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Weight-based dosing in medication use: what should we know?

Authors Pan S, Zhu L, Chen M, Xia P, Zhou Q

Received 25 December 2015

Accepted for publication 2 March 2016

Published 12 April 2016 Volume 2016:10 Pages 549—560

DOI https://doi.org/10.2147/PPA.S103156

Checked for plagiarism Yes

Review by Single-blind

Peer reviewers approved by Dr Lucy Goodman

Peer reviewer comments 2

Editor who approved publication: Dr Naifeng Liu


Sheng-dong Pan,1 Ling-ling Zhu,2 Meng Chen,3 Ping Xia,1 Quan Zhou3

1Division of Medical Administration, 2VIP Care Ward, Division of Nursing, 3Department of Pharmacy, The Second Affiliated Hospital, School of Medicine, Zhejiang University, Hangzhou, Zhejiang, People’s Republic of China

Background: Weight-based dosing strategy is still challenging due to poor awareness and adherence. It is necessary to let clinicians know of the latest developments in this respect and the correct circumstances in which weight-based dosing is of clinical relevance.
Methods: A literature search was conducted using PubMed.
Results: Clinical indications, physiological factors, and types of medication may determine the applicability of weight-based dosing. In some cases, the weight effect may be minimal or the proper dosage can only be determined when weight is combined with other factors. Medications within similar therapeutic or structural class (eg, anticoagulants, antitumor necrosis factor medications, P2Y12-receptor antagonists, and anti-epidermal growth factor receptor antibodies) may exhibit differences in requirements on weight-based dosing. In some cases, weight-based dosing is superior to currently recommended fixed-dose regimen in adult patients (eg, hydrocortisone, vancomycin, linezolid, and aprotinin). On the contrary, fixed dosing is noninferior to or even better than currently recommended weight-based regimen in adult patients in some cases (eg, cyclosporine microemulsion, recombinant activated Factor VII, and epoetin α). Ideal body-weight-based dosing may be superior to the currently recommended total body-weight-based regimen (eg, atracurium and rocuronium). For dosing in pediatrics, whether weight-based dosing is better than body surface-area-based dosing is dependent on the particular medication (eg, methotrexate, prednisone, prednisolone, zidovudine, didanosine, growth hormone, and 13-cis-retinoic acid). Age-based dosing strategy is better than weight-based dosing in some cases (eg, intravenous busulfan and dalteparin). Dosing guided by pharmacogenetic testing did not show pharmacoeconomic advantage over weight-adjusted dosing of 6-mercaptopurine. The common viewpoint (ie, pediatric patients should be dosed on the basis of body weight) is not always correct. Effective weight-based dosing interventions include standardization of weight estimation, documentation and dosing determination, dosing chart, dosing protocol, order set, pharmacist participation, technological information, and educational measures.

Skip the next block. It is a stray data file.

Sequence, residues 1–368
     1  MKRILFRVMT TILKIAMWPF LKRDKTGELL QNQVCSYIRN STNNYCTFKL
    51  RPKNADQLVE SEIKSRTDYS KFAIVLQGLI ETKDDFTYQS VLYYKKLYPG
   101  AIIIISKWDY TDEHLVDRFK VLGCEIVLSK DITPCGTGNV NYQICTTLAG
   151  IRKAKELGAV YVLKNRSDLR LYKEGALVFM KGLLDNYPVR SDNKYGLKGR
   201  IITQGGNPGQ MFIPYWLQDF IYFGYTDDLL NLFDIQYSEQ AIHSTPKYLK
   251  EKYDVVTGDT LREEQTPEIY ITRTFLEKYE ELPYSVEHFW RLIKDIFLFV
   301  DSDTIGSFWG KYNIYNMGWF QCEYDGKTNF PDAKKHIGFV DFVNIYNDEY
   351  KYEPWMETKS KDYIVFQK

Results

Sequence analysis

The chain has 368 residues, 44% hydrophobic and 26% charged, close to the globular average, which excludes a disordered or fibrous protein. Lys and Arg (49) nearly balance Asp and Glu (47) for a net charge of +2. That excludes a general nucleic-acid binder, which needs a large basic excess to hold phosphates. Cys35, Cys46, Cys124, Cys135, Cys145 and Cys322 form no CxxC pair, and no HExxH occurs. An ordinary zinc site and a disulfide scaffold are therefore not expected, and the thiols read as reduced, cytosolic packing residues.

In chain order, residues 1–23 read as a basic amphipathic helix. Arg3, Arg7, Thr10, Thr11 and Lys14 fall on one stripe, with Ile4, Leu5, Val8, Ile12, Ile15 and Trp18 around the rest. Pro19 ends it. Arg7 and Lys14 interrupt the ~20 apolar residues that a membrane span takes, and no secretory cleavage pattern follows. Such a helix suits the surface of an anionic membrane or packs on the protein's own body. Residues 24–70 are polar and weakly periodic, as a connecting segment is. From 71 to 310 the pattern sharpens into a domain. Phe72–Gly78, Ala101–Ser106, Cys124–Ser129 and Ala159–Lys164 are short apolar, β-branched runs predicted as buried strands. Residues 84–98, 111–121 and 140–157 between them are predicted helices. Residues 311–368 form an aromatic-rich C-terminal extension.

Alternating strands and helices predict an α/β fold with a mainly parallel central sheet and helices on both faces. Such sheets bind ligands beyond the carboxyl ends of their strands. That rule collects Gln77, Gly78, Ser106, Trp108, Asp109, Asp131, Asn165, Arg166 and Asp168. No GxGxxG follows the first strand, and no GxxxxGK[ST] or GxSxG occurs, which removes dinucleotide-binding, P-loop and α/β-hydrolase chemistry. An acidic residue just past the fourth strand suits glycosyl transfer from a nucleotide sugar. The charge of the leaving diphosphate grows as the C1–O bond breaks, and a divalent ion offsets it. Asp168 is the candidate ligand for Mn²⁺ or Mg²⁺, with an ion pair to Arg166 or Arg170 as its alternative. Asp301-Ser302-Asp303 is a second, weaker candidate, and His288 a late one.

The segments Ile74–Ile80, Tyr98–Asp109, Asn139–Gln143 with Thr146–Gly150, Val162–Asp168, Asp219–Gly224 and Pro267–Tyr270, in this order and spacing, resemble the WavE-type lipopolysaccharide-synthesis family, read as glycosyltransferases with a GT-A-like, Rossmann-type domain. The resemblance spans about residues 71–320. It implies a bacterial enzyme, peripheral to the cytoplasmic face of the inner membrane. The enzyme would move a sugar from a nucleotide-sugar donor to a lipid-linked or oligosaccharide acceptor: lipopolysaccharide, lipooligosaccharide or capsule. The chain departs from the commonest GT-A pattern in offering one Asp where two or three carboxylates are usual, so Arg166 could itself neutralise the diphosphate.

Conclusion: Although dosing methods are specified in prescribing information for each drug and there are no principal pros and cons to be elaborated, this review of weight-based dosing strategy will enrich the knowledge of medication administration from the perspectives of safety, efficacy, and pharmacoeconomics, and will also provide research opportunities in clinical practice. Clinicians should be familiar with dosage and administration of the medication to be prescribed as well as the latest developments.

Keywords: body weight, dosage and administration, efficacy, medication safety, pediatrics, pharmacoeconomics

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